The Neighborhood Spice Store
After thousands of years, spices still hold an aura of mystery and the spice store is one of my favorite places to visit because it is a meeting point of all ethnic groups. In spice stores in Israel there are many languages labeling the various spices and grains depending on what ethnic group uses them and who introduced it. Many of the names are of course in Hebrew but others are derived from Arabic, Ethiopian, Persian and many more. After sixty years the cuisine in Israel is naturally more homogenous than it once was because most families have married outside their ethnic group and have shared recipes throughout the years. In fact, a Romanian women, my neighbor, taught me how to make Moroccan preserved lemons and a Moroccan lady invited me to her house to see how she makes her secret Polish gelfilte fish recipe.
There are still ingredients which are ethnic specific even after years of culinary assimilation. When I asked the spiceman who buys the shanbalile (fenugreek leaves) he told me
“Only the Persians”,
When I asked him about the green coffee he answered,
“The Ethiopians buy that, they like to roast it themselves”
“The sour cherries?”
“Russians, Russians and Hugarians love sour cherries”,
“What about the dried melouchia?”
“That the Egyptians love”
“What about this seaweed”
“Ah! That the young people buy, they make sushi”
In Israel there has been a recent trend of going back to the culinary roots and preserving traditional foods. There are others who have integrated ethnic flavors in exciting and unusual ways, preserving the flavor and the freshness of the ingredients. I believe the best food in Israel is the kind which reflects the ethnicity of the people, both their uniqueness and integration.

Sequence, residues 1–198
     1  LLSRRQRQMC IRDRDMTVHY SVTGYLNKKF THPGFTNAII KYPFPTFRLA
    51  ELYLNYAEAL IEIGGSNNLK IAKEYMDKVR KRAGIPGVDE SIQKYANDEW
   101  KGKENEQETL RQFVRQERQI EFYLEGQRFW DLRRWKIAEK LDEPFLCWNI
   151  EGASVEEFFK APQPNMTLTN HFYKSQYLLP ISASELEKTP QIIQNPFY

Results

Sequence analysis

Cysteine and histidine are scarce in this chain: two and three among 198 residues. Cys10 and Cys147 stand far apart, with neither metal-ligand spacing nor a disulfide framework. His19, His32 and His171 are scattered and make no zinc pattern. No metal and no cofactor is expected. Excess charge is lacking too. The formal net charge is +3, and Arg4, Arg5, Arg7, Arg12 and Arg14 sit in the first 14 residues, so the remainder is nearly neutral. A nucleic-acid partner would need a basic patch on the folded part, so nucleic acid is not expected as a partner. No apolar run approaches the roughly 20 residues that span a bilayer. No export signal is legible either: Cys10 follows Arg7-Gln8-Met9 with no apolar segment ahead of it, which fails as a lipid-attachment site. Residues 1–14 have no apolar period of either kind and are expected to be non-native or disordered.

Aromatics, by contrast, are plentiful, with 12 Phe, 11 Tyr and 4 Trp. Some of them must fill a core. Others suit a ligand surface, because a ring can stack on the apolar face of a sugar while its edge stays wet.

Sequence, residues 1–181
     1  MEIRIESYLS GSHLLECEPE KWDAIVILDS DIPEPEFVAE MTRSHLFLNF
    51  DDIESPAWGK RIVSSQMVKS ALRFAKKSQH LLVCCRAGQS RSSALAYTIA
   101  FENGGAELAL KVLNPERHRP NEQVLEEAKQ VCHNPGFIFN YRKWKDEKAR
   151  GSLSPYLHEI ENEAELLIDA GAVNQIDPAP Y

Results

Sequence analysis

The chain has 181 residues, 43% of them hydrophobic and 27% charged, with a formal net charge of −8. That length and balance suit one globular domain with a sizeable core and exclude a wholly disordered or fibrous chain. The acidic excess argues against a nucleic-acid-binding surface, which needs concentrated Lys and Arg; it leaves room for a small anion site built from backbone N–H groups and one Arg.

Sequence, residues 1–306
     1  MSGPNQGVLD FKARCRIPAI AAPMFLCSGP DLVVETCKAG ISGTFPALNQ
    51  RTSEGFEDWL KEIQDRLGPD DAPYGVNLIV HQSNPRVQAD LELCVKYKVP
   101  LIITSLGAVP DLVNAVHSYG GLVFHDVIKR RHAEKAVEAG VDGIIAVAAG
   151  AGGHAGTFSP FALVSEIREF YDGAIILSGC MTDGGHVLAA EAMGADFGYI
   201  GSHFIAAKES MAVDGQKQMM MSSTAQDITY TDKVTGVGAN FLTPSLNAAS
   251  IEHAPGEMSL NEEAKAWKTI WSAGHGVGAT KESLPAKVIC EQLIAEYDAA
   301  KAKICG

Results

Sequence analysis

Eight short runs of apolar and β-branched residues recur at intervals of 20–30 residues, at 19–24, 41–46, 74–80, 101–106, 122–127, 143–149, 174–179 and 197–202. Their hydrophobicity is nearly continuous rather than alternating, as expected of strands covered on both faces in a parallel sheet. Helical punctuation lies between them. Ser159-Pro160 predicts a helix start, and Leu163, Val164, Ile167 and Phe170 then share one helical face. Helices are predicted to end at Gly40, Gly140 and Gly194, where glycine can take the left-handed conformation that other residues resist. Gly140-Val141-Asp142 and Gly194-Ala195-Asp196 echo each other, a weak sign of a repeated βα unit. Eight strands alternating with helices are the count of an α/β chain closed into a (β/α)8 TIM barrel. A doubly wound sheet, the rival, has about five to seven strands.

I don’t like buying spices at the souk, especially from merchants I do not know because it isn’t always good quality. For example, za’atar mix is sometimes made with cheap citric acid and parsley instead of traditional ingredients. There are two stores in my neighborhood, Hasid’s, who have been here forever and are well respected and Ivgi, which opened recently and is also a family operated business. Although Ivgi is new, I like their store because the young fellow who works there is passionate about his job and has given me a lot of interesting information from who uses specific spices, to how to cook various types of legumes, such as lupine seeds and Egyptian brown beans. He is also very friendly and when I asked him if I could photograph his store he let me go behind the cash register to get a closer shot. I didn’t notice people starting to gather around buying spices and watching me photograph. Being Israeli they had to comment, saying things like,
“This is the best spice store in town”
“Look how cute he is (referring to the spiceman) doesn’t he have a great smile?” (he’s going to get married in November)
“Their spices are always fresh”
That’s what I like about family owned stores, there is always dynamic interaction and a sense of being a part of a community which is lacking in the chain supermarket, however convenient they may be.